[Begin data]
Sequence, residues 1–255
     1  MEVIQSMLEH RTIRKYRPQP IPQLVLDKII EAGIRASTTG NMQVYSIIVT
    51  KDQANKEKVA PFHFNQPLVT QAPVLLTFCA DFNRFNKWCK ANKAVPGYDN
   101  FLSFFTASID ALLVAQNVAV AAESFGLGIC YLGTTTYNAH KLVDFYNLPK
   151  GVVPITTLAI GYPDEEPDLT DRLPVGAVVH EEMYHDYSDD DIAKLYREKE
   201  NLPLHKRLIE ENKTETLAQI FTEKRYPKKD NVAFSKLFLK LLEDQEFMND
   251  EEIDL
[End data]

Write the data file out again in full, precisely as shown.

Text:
Sequence, residues 1–255
     1  MEVIQSMLEH RTIRKYRPQP IPQLVLDKII EAGIRASTTG NMQVYSIIVT
    51  KDQANKEKVA PFHFNQPLVT QAPVLLTFCA DFNRFNKWCK ANKAVPGYDN
   101  FLSFFTASID ALLVAQNVAV AAESFGLGIC YLGTTTYNAH KLVDFYNLPK
   151  GVVPITTLAI GYPDEEPDLT DRLPVGAVVH EEMYHDYSDD DIAKLYREKE
   201  NLPLHKRLIE ENKTETLAQI FTEKRYPKKD NVAFSKLFLK LLEDQEFMND
   251  EEIDL